Gamble of the week: A buy-to-let lender on a roll

Most of us have learned over the last decade that lending money against property can be a very risky business. But this buy-to-let lender knows this only too well.

When the financial crisis hit it was pushed to the verge of bankruptcy. It was only saved by going cap in hand to its shareholders and slashing costs. But all of this seems a distant memory now that the good times are back.

Its share price has been rising sharply for the last two years. The UK housing market is powering ahead and confidence among buy-to-let investors seems very high, with borrowing surging in the last 12 months.

Surely this has been factored in to Paragon’s (LSE: PAG) share price? Maybe, but it would not surprise me if the shares kept forging ahead. Despite the government’s Help to Buy scheme many people still cannot afford to buy a house, and will rent instead.

There is also talk of pensioners flocking to buy-to-let once they have complete freedom over their pension pots following the recent budget changes. That’s all potentially good news for a specialist buy-to-let lender such as Paragon.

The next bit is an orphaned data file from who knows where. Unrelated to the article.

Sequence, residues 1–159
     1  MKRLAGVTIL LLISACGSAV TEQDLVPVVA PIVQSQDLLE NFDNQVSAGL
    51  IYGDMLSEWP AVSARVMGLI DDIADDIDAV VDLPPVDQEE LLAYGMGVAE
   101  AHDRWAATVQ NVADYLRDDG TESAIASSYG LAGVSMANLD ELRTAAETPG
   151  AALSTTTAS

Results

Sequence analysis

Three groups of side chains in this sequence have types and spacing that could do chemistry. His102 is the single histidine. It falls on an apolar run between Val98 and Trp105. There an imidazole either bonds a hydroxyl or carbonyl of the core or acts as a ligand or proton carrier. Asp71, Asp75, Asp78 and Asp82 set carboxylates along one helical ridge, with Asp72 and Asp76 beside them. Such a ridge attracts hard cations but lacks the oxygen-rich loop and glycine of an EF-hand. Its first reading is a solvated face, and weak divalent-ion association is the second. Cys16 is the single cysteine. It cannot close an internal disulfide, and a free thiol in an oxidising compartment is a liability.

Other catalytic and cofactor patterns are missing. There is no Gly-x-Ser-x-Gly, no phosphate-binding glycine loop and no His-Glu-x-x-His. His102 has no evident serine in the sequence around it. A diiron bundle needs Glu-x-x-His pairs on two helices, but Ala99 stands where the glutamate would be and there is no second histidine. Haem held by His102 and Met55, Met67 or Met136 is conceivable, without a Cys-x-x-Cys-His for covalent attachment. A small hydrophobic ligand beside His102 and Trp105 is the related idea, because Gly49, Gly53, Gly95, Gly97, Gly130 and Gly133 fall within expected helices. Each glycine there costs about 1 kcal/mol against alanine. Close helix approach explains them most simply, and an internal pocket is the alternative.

In many ways Paragon is a lot less risky than a high-street seller of residential mortgages. Its balance sheet is better financed than, say, Lloyds or RBS.

If you compare the amount of money it has lent out against the shareholders’ funds (or equity) that supports them, it is more conservatively funded than either.

Paragon share price chartIt also seems to be quite sensible when it comes to lending – the loan to value (LTV) ratio on new loans averages 72.8%, with the rental income covering mortgage interest payments by 160%.

Unlike loans from high-street lenders, which are mainly financed with short-term
deposits, Paragon’s are generally financed with loan notes, where the maturity matches the money that it has lent out. Analysts expect steady profits growth from mortgages with an increasing contribution from Paragon’s growing portfolio of consumer loans.

Of course, there’s no getting away from the fact that buy-to-let lending is still a high-risk activity. Rents cannot grow faster than incomes forever. Low interest rates have supported the market – and landlords’ profits – for a long time, but the general consensus is that they will not stay this way.

That said, they could stay low for a good while yet as the Bank of England knows how fragile household finances remain. If that’s the case, then Paragon shares on 13 times 2014 earnings and growing profits may still do well.

Verdict: a risky punt

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